THEN...> Removed the 3 buttons for "FM Radio" + BlueTooth Mode (literally popped them out with a flat scredriver)> Replaced the gap with some cool black mouldable plastic (its like putty and goes hard) - Shape it into hole, pop it out, add loads of glue, pop it back in. https://www.amazon.co.uk/Multimorph-Polymorph-Mouldable-Plastic-Resealable/dp/B00P89M3GM/ref=sr_1_cc_1?s=aps&ie=UTF8&qid=1532390388&sr=1-1-catcorr&keywords=mouldable+plastic
> Issue then was that the music ALWAYS started at full blast volume with deep bass which then involved fiddling with buttons to turn it down each time. So to solve this, I took the ear pieces apart (really easy - clips apart with 4 screws underneath) and placed some foam over the speakers so they touched the vibrating part which not only softened the bass but also reduced the volume to a nice level - meaning you could just turn them on, they started auto-playing music and they were perfect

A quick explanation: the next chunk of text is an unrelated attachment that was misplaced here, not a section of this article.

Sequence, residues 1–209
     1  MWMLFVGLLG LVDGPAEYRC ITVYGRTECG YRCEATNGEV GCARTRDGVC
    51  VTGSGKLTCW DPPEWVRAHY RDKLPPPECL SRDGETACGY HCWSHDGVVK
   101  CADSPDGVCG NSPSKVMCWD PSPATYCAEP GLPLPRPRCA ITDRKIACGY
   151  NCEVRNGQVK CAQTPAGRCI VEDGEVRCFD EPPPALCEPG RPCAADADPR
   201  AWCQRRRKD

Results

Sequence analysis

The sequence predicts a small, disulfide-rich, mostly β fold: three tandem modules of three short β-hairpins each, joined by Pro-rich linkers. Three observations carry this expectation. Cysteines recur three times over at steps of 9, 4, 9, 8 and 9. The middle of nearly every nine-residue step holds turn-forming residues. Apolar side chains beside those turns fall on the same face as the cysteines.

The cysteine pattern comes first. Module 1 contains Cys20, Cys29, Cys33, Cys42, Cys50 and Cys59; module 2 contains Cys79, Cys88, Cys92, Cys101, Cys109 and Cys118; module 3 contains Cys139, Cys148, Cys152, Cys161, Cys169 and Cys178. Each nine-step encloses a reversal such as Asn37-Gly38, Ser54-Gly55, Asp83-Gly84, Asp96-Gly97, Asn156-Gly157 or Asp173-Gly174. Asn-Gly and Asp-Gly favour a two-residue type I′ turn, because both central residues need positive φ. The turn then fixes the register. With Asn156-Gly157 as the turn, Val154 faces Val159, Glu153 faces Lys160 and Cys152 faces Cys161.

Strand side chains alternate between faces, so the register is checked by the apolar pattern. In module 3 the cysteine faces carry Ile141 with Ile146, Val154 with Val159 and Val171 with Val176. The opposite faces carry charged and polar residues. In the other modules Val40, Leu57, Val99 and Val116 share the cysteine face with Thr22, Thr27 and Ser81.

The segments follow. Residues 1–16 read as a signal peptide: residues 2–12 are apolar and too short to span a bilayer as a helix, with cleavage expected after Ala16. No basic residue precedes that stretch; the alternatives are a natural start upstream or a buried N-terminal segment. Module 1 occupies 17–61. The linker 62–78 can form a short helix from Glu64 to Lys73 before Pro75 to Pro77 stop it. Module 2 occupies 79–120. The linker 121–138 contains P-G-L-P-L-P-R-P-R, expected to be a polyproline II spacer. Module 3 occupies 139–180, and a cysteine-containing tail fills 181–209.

This meant I now had noise cancelling headphones (he could wear without music) but then also came with a micro SD card to let him listen to soft music out and about or when he needed to escape from the noise.All you do then is find the sounds your child likes or can calm them (I've used rain, the sea, a distant thunderstorm) on one micro SD card and then put some mellow happy songs on another that he likes. So they can be useful for his condition, but also a fun way for him to walk around listening to his favourite music without cables, or beeping lights, buttons to mess with etc.That's probably overkill sorry but yes - try lots of different things.Personally, if I was you - try the cheapo ones and if nothing changes, test the soft music idea.Hopefully, a manufacturer will make these.I've contacted the company above to see if they could do a Noise Cancelling set with Micro SD and no BASS.Adam
Hope This Helps